Gaming sake hits the market
A brand of sake aimed at gamers called Gaming Rainbow is set to be released this spring by the Tokyo-based startup SakeBottlers.
Gaming Rainbow comes in 180mL (6oz) cans with label illustrations by Kinu Nishimura and Mika Pikazo. Nishimura is a former Capcom illustrator who created promotional material for classic gaming series like Street Fighter. Pikazo, on the other hand, is the designer of “VTuber” Kaguya Luna and also worked on costumes for Hatsune Miku’s Magical Mirai 2018 exhibit. SakeBottlers chose the artists to appeal to different generations of gamers.
The new can designs were unveiled on February 23, during an event livestreamed on SakeBottlers’ YouTube channel from the eXeField e-sports center in Akihabara.
The sake for Gaming Rainbow will be provided by Tsuchida Sake Brewery in Gunma Prefecture. The brewery’s president Yuji Tsuchida also has experience in the gaming industry and is using his experience to provide flavors fit for gaming.
Gaming Rainbow represents the second phase of the Hito Maku series by SakeBottlers, which is aimed at marketing sake to younger generations with the help of cans vibrantly designed by select artists. Gaming Rainbow drops sometime after April 2022 and a suggested retail price has yet to be determined.
New sake brand aims to give aruten its proper respect
Kikunotsukasa Sake Brewery in Morioka City, Iwate Prefecture and startup Sake Street in Tokyo have teamed up to create a unique drinking experience in its Sugoi Aruten.
Aruten refers to sake that has brewer’s alcohol added during fermentation, but this practice is often seen as undesirable and is often disparaged as a way for breweries to stretch out their product at the expense of purity. This is a myth that the makers of Sugoi Aruten are setting out to dispel by teaching the public the benefits of blending distilled alcohol with sake. For example, it can enhance the sweetness of ginjo sake when added during fermentation.
Sugoi Aruten is a set of three bottles with aruten sake, pure junmai sake, and shochu. A measuring shot glass and pipette dropper are also included, so consumers can experiment with mixing the junmai and shochu to see firsthand what the benefits of adding distilled alcohol to sake are.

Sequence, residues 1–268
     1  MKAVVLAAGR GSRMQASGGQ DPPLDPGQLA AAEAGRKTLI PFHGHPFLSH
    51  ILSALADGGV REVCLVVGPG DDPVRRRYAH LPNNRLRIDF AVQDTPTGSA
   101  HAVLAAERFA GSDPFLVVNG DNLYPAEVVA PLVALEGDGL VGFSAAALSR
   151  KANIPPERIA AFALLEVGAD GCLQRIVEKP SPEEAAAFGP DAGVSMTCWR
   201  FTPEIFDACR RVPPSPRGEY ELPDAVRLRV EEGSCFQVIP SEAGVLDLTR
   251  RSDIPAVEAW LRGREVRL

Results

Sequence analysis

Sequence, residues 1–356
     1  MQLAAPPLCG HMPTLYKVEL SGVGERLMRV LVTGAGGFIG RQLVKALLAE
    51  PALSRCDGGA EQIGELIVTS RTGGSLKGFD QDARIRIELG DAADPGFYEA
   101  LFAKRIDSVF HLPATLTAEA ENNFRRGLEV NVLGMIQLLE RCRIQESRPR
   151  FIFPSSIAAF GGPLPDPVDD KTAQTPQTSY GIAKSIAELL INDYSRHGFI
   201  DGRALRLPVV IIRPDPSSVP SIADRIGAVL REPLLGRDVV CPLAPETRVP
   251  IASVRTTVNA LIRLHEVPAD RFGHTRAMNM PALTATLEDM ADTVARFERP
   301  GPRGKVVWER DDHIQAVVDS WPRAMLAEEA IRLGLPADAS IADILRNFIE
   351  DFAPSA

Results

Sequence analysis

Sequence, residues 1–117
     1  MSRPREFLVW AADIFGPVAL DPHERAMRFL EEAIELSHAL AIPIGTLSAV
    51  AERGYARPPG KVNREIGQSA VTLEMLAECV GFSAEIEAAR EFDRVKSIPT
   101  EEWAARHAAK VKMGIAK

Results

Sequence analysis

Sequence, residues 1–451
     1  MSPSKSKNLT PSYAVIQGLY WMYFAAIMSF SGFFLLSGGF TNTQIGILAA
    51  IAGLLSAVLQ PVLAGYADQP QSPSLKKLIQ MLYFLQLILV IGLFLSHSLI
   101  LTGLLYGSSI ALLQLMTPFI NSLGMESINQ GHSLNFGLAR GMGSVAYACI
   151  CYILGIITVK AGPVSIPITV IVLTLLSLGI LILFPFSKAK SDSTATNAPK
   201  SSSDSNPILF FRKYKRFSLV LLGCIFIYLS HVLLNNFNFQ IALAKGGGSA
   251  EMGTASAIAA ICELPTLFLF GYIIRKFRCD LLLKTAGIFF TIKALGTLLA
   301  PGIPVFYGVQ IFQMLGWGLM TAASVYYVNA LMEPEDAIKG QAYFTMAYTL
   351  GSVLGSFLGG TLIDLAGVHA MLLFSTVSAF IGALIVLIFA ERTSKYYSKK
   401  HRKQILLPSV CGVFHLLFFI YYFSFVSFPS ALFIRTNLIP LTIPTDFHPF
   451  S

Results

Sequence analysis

Mixing instructions come with the set and were written by Ayumu Yamaguchi, an expert in sake involved in eccentric sake ventures like Wakaze Tokyo and The Ethical Spirits Co. Yamaguchi also oversaw the production of the aruten sake included in Sugoi Aruten.
The makers of Sugoi Aruten say their position on aruten isn’t just their opinion. They point out that roughly 91% of winning sake in the Annual Japan Sake Awards are actually aruten. Those interested in tasting for themselves can purchase Sugoi Aruten from the Sake Street online shop for 6,480 yen (US$56) while supplies last.
Sake bar opens in Kobe, serves drinks from all 26 Nada-Gogo breweries
Nadagogo Sakedokoro is an eating and drinking establishment set to open at the end of April by Kenbishi Sake Brewery in Kobe City, Hyogo Prefecture.
Kenbishi Sake Brewery is one of the 26 breweries of the the Nada-Gogo region on the outskirts of Kobe. Nada-Gogo is a group of five areas famous for their sake production with a centuries-old legacy, making it a great tourist attraction for fans of sake and history.
But, it can be difficult for visitors to take it all in, so Nadagogo Sakedokoro was created to bring everything the region has to offer under one roof. This bar and eatery occupies an old brewery, now madeover in the image of a Shinto shrine. It serves food pairings locally sourced from Kobe like fish, tofu, and of course, beef. Also, Kenbishi will be serving their special Sake-Steamed Inari Sushi, made with their own Kuromatsu brand.
For 2,500 yen (US$22) guests can purchase the Nadagogo Sakedokoro Set that includes a drink of one brand from each of the 26 breweries. The set is also served in a large wooden frame called a kojibuta, which is used in the brewing process, and it comes with three pairings.
Prior to Nadagogo Sakedokoro’s grand opening on April 29, the venue will be used for sake seminars and workshops. Afterwards it will be open to the general public on weekends and holidays from noon to 10 pm.
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